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Neuromorphic Image sensors

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Optic nerve carries digital' signals to the brain. Biomimetic Circuits ... Conventional cameras are at best able to perform global automatic gain control. ... – PowerPoint PPT presentation

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Title: Neuromorphic Image sensors


1
Neuromorphic Image sensors
Eugenio Culurciello Yale University EENG427 Lesso
n 8
2
Biomimetic Circuits
  • Taking hints from nature
  • How does nature solve everyday problems
  • Can we implement natures solutions?
  • in Silicon?

3
Biomimetic Circuits
  • Human Eye a wonderful machine
  • Small and light 1 inch, 7 grams
  • Retina neural sensor network, rods and cones
  • Optic nerve carries digital signals to the brain

http//webvision.med.utah.edu/anatomy.html
4
Structure of the Eye
5
The Retina
6
Biomimetic Circuits
  • Dynamic Range 10 orders of magnitude
  • Bandwidth 100M sensors, 1M fibers in optic nerve
  • Specialization
  • Cones in color, high resolution - fovea
  • Rods in the dark / motion

http//webvision.med.utah.edu/anatomy.html
7
Digital Cameras and Si Eye
  • Everyone wants silicon eyes!
  • Small
  • Light
  • Acute now gt 1Mpixel
  • Must work in
  • Dim restaurant
  • Outside BBQ
  • Long life Low power
  • Almost like a human eye!

http//www.panasonic.com.au/product_pdf/EB-X70.pdf
8
Neuromorphic Image Sensors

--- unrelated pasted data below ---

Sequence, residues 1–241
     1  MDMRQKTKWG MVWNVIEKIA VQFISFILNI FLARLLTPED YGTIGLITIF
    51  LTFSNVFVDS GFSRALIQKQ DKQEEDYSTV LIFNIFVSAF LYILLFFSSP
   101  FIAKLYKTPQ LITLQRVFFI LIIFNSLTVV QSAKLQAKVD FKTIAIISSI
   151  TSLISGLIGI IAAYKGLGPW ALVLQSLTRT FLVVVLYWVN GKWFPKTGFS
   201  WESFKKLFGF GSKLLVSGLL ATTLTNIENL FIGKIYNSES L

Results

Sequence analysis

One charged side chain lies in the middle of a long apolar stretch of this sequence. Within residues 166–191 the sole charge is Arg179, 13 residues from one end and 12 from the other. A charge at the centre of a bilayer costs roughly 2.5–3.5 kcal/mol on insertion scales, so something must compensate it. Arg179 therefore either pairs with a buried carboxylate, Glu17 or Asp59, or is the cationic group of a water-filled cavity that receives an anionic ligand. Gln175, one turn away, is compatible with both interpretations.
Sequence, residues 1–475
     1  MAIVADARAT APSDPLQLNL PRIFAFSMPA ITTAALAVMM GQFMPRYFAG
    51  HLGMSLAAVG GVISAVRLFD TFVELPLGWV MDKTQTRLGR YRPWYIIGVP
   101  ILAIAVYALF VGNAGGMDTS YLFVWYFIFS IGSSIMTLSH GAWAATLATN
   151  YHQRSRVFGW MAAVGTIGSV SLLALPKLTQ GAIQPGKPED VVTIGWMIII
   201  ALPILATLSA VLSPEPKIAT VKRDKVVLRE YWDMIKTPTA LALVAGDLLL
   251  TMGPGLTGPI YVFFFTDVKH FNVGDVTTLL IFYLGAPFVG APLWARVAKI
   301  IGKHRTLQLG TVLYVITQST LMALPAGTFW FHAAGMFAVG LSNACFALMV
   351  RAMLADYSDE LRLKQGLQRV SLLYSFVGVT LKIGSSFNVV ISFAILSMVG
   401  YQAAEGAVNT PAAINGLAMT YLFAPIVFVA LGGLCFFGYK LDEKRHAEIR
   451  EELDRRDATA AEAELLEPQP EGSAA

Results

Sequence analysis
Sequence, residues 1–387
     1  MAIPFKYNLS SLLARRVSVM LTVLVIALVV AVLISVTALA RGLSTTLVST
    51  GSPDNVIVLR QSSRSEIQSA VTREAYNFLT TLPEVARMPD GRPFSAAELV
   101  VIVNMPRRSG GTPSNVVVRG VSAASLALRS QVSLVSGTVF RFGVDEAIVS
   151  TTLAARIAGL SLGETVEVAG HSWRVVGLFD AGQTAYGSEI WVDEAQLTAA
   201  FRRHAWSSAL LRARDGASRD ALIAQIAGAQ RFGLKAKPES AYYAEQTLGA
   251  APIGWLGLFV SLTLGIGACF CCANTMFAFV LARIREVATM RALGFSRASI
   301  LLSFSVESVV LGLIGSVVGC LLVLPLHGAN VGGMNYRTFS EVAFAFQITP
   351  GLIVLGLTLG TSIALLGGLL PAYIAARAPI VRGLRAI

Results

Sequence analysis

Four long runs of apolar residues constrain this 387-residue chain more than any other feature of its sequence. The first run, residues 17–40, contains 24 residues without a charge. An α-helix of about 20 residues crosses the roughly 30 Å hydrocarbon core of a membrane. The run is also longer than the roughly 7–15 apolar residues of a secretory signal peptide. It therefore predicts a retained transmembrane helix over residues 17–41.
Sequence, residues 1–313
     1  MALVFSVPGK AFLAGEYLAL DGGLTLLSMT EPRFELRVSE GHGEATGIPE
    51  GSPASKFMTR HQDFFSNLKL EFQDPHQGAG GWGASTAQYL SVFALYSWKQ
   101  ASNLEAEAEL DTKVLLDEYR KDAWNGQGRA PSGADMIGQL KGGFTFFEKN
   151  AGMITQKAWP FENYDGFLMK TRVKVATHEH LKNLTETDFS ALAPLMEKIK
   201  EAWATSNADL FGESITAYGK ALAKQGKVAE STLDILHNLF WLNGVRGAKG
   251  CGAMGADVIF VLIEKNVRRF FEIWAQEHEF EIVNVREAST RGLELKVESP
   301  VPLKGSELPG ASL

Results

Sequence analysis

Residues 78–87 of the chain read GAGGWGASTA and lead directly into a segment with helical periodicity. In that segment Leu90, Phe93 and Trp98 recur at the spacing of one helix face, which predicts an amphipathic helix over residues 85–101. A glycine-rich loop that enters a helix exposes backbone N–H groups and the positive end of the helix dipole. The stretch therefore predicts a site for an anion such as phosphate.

Smart-sensors are those devices in which the
sensors and circuits co-exist, and their
relationship with each other and with
higher-level processing layers goes beyond the
meaning of transduction. Smart-sensors are
information sensors, not transducers and signal
processing elements. Smart sensors are not
general purpose devices. Everything in a smart
sensor is specificaly designed for the
application targeted for.
9
Neuromorphic Image Sensors
When compared to a vision processing system
consisting of a camera and a digital processor, a
vision chip provides many system level
advantages. Speed The processing speed
achievable using vision chips exceeds that of the
camera-processor combination. A main reason is
the information transfer bottleneck between the
imager and the processor. In vision chips
information between various levels of processing
is processed and transferred in parallel. Large
dynamic range Many vision chips use
photodetectors and photocircuits which have a
large dynamic range over at least 7 decades of
light intensity. Many also have local and global
adaptation capabilities which further enhances
their dynamic range. Conventional cameras are at
best able to perform global automatic gain
control.
10
Neuromorphic Image Sensors
Size Using single chip implementation of vision
processing algorithms, very compact systems can
be realized. The only parts of the system that
may not be scalable are the mechanical parts
(like the optical interface). Power dissipation
Vision chips often use analog circuits which
operate in subthreshold region. There is also no
energy spent for transferring information from
one level of processing to another level. System
integration Vision chips may comprise most
modules, such as image acquisition, and low level
and high level analog/digital image processing,